China’s accelerating Covid crisis, as well as renewed bets on a U.S. recession, have stocks moving lower to kick-off the short Thanksgiving week.
U.S. equity futures slipped lower Monday, while the dollar built solid gains against its global peers, as markets took a defensive stance into the short Thanksgiving week amid renewed concerns over the pace of Covid infections in China.
Schools were closed in the capital city of Beijing Monday, with residents urged to stay at home, following a spike in infections and the first Covid-related deaths in more than six months. Nationally, cases have risen close to 27,000, the highest since April, casting further doubt on any near-term ‘pivot’ in health policy from President Xi Jinping.
Global oil prices extended declines on the reports, with WTI crude futures for January delivery falling 38 cents to $79.73 per barrel amid bets on reduced demand from the world’s biggest energy importer. Brent crude contracts for the same month were down 38 cents to $87.24 per barrel.
Beyond Asia, investors are also proceeding with caution amid increasing concern for recession in the U.S., the world’s biggest economy, following moves last week in the bond market that saw the yield on one-month Treasury bills top those for 30-year bonds for the first time since late 2019. Each of the two times this has happened — the other was in 2007 — the U.S. fell into recession within six months.
Investors, therefore, are hoarding cash and moving into defensive positions, according to Bank of America’s closely-tracked Global Fund Manager’s survey, which showed cash levels in November of 6.2%, just shy of the highest in more than two decades. Around 92% of participants in the poll think the global economy is set for a bout of stagflation — negative growth with rising inflation — sometime next year.
Minutes from the Federal Reserve‘s November policy meeting Wednesday may offer clues as to how, or if, members of the Open Markets Committee are prepared to alter their policy stance in the face of weakening growth prospects, although Atlanta Federal Reserve President Raphael Bostic hinted Sunday that it may be soon to “let the economic dynamics play out” once another 0.75% to 1% is added to the current Fed Funds rate.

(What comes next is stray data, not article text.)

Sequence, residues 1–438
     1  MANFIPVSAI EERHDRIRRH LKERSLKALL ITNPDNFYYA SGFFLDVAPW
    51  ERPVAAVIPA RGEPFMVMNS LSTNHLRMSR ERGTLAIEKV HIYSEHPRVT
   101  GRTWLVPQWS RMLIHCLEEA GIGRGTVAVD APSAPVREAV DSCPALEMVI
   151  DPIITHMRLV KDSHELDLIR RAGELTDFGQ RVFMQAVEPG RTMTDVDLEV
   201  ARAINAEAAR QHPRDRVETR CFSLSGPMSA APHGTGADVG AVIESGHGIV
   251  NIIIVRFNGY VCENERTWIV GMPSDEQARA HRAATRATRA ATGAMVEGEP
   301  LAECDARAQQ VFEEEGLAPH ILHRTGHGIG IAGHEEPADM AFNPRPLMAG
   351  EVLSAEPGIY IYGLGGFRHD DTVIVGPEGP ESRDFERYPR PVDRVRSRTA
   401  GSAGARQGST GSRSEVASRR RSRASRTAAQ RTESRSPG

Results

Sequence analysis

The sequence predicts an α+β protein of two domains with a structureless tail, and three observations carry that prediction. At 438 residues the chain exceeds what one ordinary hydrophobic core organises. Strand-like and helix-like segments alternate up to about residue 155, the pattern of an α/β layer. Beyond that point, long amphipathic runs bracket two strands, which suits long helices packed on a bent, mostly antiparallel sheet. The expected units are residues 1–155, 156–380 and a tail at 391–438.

“Being more cautious as policy moves deeper into restrictive territory seems prudent,” Bostic said in a speech to the Southern Economic Association in Washington.
The CME Group’s FedWatch indicates am 75.8% chance of a 50 basis point rate hike in December, which would take the Fed Funds rate to a range of 4.25% to 4.5%, with bets on a terminal rate of between 5% and 5.25% in the early spring dominating futures trading.
Wall Street is also likely to focus on the run-up to Black Friday this week amid a light calendar of economic and corporate earnings and the traditional Thanksgiving holiday lull in market liquidity.
Credit card issuer Mastercard (MA) – Get Free Report said earlier this month that Black Friday sales are likely to rise 15% from last year, lead by a comeback in department store and brick-and-mortar sales pared with better online offerings as well as a surge in travel and dining.
A host of retailers reported better-than-expected October quarter earnings last week, although there was a lack of consensus among the biggest names, including Walmart (WMT) – Get Free Report and Target (TGT) – Get Free Report, as to the strength of the holiday season.
Best Buy (BBY) – Get Free Report, Dollar General (DG) – Get Free Report and Dollar Tree (DLTR) – Get Free Report will report this week, alongside Zoom Video Communications (ZM) – Get Free Report and HP Inc (HPQ) – Get Free Report after the close of trading later today.
Heading into the start of the trading day on Wall Street, Futures contracts tied to the S&P 500 are priced for a 20 point opening bell decline while the tech-heavy Nasdaq is priced for a 90 point retreat. Futures linked to the Dow Jones Industrial Average are indicating a more modest 65 point pullback, thanks in part to a 52 point contribution from Disney (DIS) – Get Free Report, which soared 8.5% following the shock departure of CEO Bob Chapek and the return of former boss Bob Iger to lead the media and entertainment group.
Overnight in Asia, rising Covid infections in China kept a lid on regional gains, with the MSCI ex-Japan index falling 1.34% into the close of trading. Japan’s Nikkei 225 closed 0.16% higher as the yen slipped to 141.80 against the greeback.
In Europe the region-wide Stoxx 600 was marked 0.25% lower in the opening hours of trading in Frankfurt, with London’s FTSE 10 down 0.03%.